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Challenges to the Nation-State


Kaustubh Deka


By Udayon Misra
Oxford University Press, New Delhi, 2014, pp. 366, Rs. 995.00

VOLUME XXXIX NUMBER 4 April 2015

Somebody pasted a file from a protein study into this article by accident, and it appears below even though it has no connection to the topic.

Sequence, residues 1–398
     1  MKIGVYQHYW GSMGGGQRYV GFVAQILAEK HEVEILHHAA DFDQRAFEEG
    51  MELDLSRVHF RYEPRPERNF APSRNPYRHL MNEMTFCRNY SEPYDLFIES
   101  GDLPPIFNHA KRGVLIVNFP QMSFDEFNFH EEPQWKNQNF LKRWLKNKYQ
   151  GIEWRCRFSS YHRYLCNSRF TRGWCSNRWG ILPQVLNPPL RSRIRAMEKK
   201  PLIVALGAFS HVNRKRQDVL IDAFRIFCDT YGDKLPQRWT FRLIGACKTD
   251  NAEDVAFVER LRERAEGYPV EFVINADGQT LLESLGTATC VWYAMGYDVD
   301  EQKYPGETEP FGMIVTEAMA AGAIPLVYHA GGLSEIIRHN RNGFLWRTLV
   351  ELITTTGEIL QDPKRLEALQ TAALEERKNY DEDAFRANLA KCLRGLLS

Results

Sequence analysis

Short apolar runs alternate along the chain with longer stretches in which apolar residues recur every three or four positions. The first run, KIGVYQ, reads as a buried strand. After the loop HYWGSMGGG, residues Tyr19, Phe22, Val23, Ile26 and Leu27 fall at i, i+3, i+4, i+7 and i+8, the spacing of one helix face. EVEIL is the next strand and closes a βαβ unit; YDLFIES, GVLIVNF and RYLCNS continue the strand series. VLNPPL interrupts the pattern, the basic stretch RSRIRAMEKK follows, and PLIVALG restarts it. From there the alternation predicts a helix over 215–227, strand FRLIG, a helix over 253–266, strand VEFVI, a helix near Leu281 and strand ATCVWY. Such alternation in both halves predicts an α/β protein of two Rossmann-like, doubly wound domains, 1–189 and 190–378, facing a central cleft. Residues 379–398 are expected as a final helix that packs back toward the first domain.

India’s North East region has offered many paradoxes for observers over the years, thus emerging as a major field of research. Professor Udayon Misra has been one of the early commentators on the region making some of the pioneering interventions on various contentious issues. His recent book India’s North East: Identity Movements, State and Civil Society is a voluminous compilation of some of these works around ‘India’s North-East Experience’, ‘an experience made up of grave challenges to the nation-state and compelling the latter not only to take note of happenings here but also to expand its own parameters of the nation-state and ideas of nationalism’ (p. 349). The book is divided into four thematic parts, each containing a series of articles around the given theme with an introduction that provides some contemporary perspective to the articles within each section. Most of the articles having been published at different points of time over the last three decades benefit from these updated accounts. In ‘Northeast India: Roots of Alienation’ puts the discussion in the context of the fight for ‘the exercise of the Constitutional right of the northeastern indigenous communities to be accepted as Indians on equal grounds, without being “integrated”’ (p. 6) The student protests in recent times by ‘a new generation of tribal youths’ in many Indian metros is cited as resistance to stereotyping as well as demand for a rightful share in the nation-building process as Indian citizens. (pp. 4–5). In ‘Who “Owns” India? The meaning of “My” in “My Country”’, a central question is asked: ‘Why is that many of us living in different parts of our country are not able to acknowledge, in their heart, that India is theirs unlike the rest of us?’ (p. 74). He places this emotional disconnect in the basic inconsistency between the conception of the modern nation-state and the pervasive reality of the polyethnic or multinational character of the country. Attempts at ‘national integration’ have led to an overriding of ethnic diversities and imposition of a homogenous set of values creating enough resentment in the region manifested in militant secessionist movements. ‘…It would be necessary to redefine the preset commonly held concepts of the Indian Nation and enlarge the parameters to include all those who are still on the periphery’. For Misra this ‘redefinition’ has to be forged at the level of grassroots social movements ‘aimed at restoring value based politics’ movements that ...


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